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Mobile Three-Dimensional Maps for Wayfinding in Large and Complex Buildings: Empirical Comparison of First-Person vs. Third-Person Perspective
Authors: Burigat S., Chittaro L., Sioni R.
Published in: IEEE Transactions on Human-Machine Systems, vol. 47, no. 6, December 2017, pp. 1029-1039.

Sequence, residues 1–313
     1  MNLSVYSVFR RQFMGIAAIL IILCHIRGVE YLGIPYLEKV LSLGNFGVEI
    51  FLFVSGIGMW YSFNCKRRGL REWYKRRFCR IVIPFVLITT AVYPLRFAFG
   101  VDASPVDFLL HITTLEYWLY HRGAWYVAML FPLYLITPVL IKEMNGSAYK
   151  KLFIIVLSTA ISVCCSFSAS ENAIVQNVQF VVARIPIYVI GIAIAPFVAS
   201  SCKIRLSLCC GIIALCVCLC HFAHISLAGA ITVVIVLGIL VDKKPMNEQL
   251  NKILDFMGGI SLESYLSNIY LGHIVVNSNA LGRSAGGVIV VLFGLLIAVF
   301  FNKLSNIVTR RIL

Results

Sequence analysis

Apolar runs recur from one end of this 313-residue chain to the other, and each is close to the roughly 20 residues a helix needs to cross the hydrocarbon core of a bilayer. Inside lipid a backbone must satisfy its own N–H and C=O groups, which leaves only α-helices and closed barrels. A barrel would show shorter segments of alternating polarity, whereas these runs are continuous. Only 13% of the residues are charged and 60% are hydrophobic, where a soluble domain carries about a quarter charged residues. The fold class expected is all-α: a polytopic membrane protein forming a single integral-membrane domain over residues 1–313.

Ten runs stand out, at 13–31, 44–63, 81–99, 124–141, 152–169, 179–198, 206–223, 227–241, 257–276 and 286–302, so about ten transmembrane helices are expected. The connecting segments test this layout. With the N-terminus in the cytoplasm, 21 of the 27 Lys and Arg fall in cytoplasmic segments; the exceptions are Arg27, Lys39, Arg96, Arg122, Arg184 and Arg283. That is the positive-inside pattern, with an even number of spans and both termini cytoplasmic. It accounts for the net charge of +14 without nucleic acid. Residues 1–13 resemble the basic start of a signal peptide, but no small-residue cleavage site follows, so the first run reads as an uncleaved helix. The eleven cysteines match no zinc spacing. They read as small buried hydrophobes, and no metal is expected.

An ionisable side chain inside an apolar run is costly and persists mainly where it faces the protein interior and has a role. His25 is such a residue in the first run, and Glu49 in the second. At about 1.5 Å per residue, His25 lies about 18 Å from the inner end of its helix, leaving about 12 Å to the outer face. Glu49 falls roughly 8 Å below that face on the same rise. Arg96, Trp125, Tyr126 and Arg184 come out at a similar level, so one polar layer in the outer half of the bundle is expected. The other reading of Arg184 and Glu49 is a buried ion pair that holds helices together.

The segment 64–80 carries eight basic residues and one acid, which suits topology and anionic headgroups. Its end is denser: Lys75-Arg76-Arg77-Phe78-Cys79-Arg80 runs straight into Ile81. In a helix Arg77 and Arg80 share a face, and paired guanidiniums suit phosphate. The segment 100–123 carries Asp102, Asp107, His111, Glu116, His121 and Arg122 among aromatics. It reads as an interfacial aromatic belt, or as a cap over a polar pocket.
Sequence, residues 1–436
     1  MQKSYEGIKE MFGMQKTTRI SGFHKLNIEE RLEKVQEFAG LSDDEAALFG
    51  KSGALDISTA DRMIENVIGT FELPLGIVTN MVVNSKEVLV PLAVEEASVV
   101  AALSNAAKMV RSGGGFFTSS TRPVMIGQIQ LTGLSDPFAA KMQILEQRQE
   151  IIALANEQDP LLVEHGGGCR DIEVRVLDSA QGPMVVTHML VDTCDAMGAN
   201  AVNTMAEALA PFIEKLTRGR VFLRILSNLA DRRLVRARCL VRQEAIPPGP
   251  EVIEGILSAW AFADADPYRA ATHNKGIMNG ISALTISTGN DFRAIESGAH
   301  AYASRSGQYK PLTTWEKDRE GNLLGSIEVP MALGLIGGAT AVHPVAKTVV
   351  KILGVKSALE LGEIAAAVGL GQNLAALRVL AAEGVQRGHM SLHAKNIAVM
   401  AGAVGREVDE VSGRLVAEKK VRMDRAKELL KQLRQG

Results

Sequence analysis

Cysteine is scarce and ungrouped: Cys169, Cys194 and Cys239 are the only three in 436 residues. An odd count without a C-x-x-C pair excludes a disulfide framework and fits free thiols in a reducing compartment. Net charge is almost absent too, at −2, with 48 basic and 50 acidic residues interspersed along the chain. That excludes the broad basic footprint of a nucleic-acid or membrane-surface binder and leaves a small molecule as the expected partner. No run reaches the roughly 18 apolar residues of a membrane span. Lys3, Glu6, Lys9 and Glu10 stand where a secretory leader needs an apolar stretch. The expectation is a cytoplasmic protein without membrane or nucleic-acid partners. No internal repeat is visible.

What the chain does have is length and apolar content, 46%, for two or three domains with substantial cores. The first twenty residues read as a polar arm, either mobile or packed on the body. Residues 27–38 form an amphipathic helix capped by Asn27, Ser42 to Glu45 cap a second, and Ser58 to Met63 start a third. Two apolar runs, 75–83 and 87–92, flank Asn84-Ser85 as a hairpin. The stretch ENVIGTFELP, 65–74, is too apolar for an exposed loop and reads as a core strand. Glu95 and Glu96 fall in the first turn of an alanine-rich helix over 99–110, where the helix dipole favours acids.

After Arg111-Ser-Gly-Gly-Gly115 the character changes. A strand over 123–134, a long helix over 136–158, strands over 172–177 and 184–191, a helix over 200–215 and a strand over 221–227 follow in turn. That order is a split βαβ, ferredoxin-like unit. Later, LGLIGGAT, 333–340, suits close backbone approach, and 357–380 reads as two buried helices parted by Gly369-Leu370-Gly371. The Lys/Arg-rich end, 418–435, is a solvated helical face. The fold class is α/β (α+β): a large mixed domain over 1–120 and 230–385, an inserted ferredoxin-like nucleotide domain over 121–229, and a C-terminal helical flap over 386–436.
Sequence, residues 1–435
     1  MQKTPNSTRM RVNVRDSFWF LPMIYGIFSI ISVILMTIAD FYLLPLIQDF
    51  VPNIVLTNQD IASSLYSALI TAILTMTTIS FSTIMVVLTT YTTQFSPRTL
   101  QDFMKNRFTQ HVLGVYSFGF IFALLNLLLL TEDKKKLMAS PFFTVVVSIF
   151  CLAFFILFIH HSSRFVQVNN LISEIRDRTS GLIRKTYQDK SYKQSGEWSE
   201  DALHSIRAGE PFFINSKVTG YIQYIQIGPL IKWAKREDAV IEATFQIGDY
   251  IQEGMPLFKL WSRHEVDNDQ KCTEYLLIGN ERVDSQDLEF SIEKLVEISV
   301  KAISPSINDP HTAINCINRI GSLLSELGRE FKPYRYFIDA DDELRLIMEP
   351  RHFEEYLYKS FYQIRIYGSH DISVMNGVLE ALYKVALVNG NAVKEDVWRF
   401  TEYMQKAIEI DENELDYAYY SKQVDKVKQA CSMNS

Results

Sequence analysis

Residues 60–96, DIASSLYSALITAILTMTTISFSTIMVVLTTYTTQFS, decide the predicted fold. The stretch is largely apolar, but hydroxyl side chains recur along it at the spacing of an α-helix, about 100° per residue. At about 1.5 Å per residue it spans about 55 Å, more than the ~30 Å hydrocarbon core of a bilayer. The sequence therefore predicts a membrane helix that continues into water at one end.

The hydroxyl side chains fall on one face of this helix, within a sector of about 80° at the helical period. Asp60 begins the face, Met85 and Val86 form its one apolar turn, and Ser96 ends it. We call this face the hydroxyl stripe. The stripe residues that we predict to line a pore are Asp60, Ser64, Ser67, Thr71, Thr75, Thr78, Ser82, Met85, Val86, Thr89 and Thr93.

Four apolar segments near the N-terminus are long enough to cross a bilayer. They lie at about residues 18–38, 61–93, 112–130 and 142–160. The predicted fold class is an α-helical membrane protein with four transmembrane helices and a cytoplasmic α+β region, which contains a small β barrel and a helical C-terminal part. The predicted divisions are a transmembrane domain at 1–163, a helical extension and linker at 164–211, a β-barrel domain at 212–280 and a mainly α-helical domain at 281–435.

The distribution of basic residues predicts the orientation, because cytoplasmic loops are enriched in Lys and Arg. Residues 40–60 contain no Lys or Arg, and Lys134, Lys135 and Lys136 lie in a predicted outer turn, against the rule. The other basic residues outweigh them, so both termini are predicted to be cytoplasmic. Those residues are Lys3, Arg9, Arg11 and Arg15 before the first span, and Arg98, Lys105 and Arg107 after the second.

Abstract: The computational capabilities of today’s smartphones make it possible to take advantage of mobile threedimensional (3-D) maps to support navigation in the physical world. In particular, 3-D maps might be useful to facilitate indoor wayfinding in large and complex buildings, where the typical orientation cues (e.g., street names) and location tracking technologies that can be used outdoors are unavailable. The use of mobile 3-D maps for indoor wayfinding is still largely unexplored and research on how to best design such tools has been scarce to date. One overlooked but important design decision for 3-D maps concerns the perspective from which the map content should be displayed, with first-person and third-person perspectives being the two major options. This paper presents a user study involving wayfinding tasks in a large and complex building, comparing a mobile 3-D map with first-person perspective, a mobile 3-D map with third-person perspective, and a traditional mobile 2-D map. The first-person perspective shows the mobile 3-D map of the building from a floorlevel egocentric point of view, whereas the third-person perspective shows the surroundings of the user from a fixed distance behind and above her position. Results of the study reveal that the mobile 3-D map with third-person perspective leads to shorter orientation time before walking, better clarity ratings, lower workload, mental demand and effort scores, and higher preference score compared to the mobile 3-D map with first-person perspective. Moreover, it leads to shorter orientation time before walking, better pleasantness ratings, lower mental demand scores, and higher preference score compared to the mobile 2-D map.